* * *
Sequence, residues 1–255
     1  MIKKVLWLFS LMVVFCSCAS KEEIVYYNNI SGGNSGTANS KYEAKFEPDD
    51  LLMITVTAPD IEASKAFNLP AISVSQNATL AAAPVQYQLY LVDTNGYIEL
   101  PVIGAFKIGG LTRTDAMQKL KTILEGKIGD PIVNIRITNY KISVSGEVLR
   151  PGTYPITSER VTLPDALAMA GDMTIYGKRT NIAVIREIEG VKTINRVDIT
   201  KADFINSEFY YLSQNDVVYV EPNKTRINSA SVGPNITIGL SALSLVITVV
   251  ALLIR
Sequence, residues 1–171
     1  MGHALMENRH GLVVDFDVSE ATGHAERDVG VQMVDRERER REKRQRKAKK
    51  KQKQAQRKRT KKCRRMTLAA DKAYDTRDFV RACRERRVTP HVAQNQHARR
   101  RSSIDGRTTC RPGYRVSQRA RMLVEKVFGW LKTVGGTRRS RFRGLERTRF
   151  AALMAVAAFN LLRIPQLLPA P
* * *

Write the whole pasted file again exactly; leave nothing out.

Sequence, residues 1–255
     1  MIKKVLWLFS LMVVFCSCAS KEEIVYYNNI SGGNSGTANS KYEAKFEPDD
    51  LLMITVTAPD IEASKAFNLP AISVSQNATL AAAPVQYQLY LVDTNGYIEL
   101  PVIGAFKIGG LTRTDAMQKL KTILEGKIGD PIVNIRITNY KISVSGEVLR
   151  PGTYPITSER VTLPDALAMA GDMTIYGKRT NIAVIREIEG VKTINRVDIT
   201  KADFINSEFY YLSQNDVVYV EPNKTRINSA SVGPNITIGL SALSLVITVV
   251  ALLIR
Sequence, residues 1–171
     1  MGHALMENRH GLVVDFDVSE ATGHAERDVG VQMVDRERER REKRQRKAKK
    51  KQKQAQRKRT KKCRRMTLAA DKAYDTRDFV RACRERRVTP HVAQNQHARR
   101  RSSIDGRTTC RPGYRVSQRA RMLVEKVFGW LKTVGGTRRS RFRGLERTRF
   151  AALMAVAAFN LLRIPQLLPA P